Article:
Many ESL teachers start their career in an entirely different field. Ex-nurse, ex-accountant, ex-actor, ex, ex, ex. TESOL is a field of career shifters who all share one goal: to help people communicate better in English. I’m an “ex” too. An ex-server, ex-cook, ex-cashier, ex-barista, ex-operations manager, ex-everything food related.
I’d been in the food industry my entire life. Literally my entire life. My mom was pregnant with me while she worked in a chocolate factory. Her water broke, and I never left the world of food. For decades, ESL was an additional interest while I was working in restaurants, bakeries, and manufacturing facilities. Many of my colleagues and friends wanted to learn English and often asked if I could practice with them or teach them a few words. The joy of teaching English and finding creative ways to communicate with others slowly bubbled to the surface. So, after 15 years in the food industry, I quit my job and got certified to teach ESL. But that wasn’t all. I wanted to solve a problem.
All that time I was working in the industry and teaching ESL to coworkers, a question ate away me. Why was access to English education in the workplace was so scarce? If it is the responsibility of employers to provide safe work environments, on-the-job training and standard benefits to their team, why wasn’t English language learning one of those standard benefits? While English is not the silver bullet that pierces the multiple barriers to entry the immigrant workforce faces, it always appeared to be a clear first step that would benefit employers as well as their team. In fact, the employers I had worked for had made efforts at implementing programs but failed. The instructors they hired weren’t certified, didn’t have industry-specific experience, or ended up leaving because ESL was just their “side-hustle.” I wanted to fix that.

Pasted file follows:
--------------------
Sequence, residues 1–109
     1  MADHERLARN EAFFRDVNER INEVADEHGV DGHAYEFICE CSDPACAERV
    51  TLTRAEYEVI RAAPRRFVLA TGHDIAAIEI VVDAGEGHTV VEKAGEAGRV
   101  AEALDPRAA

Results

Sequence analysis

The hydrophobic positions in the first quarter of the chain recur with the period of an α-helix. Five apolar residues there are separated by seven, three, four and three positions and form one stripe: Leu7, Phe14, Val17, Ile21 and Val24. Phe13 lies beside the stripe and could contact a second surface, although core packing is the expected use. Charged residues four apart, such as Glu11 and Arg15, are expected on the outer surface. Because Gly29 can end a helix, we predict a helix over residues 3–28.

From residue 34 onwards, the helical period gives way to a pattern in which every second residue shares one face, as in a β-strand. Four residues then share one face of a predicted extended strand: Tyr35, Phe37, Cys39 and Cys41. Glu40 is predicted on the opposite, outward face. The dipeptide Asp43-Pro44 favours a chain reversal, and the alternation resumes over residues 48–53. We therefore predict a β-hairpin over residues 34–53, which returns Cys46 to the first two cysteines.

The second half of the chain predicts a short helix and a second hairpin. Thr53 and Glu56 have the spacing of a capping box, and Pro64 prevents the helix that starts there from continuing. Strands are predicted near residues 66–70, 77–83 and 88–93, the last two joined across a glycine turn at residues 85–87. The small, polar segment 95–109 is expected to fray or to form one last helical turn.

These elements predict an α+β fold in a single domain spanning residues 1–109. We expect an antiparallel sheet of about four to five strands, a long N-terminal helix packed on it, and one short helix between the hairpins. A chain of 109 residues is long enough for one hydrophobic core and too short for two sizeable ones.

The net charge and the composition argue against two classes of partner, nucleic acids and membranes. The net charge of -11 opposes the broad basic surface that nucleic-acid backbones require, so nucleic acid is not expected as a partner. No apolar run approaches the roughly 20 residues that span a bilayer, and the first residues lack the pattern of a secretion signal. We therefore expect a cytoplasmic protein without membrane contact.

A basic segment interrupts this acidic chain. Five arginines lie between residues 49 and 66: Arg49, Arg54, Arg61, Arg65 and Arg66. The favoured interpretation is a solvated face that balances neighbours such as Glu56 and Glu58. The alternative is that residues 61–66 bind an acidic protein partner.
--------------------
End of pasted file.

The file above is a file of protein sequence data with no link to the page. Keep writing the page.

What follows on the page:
So, I started teaching English as a Second Language full-time during the day, and got a night job to supplement my income. On the weekends, I fed the entrepreneurial glow inside of me and started ESL Works, a company that provides complete English-for-Work training for the food and hospitality industry. Three years and many white hairs later and ESL Works is a full-blown business. We employ 3 instructors, provide 20 English-for-work classes a week to food businesses, and are in the process of expanding into the digital learning world.
Admittedly, owning a business is not for the faint of heart. In fact, 9 out of 10 startups will fail. So what’s kept us going in spite of such terrible odds? I believe it comes down to two key attributes: tenacity and team. Our staying power at ESL Works comes from our deep desire to make a positive impact in the working world through quality language education. And team. A talented team carries you past the times when it feels like failure is around the corner, and runs alongside you when everyone else sits down for a breather. But this doesn’t come as a surprise, because every instructor on our team embodies the fundamental makings of an entrepreneur. That’s because ESL teachers hold many of the same qualities entrepreneurs do.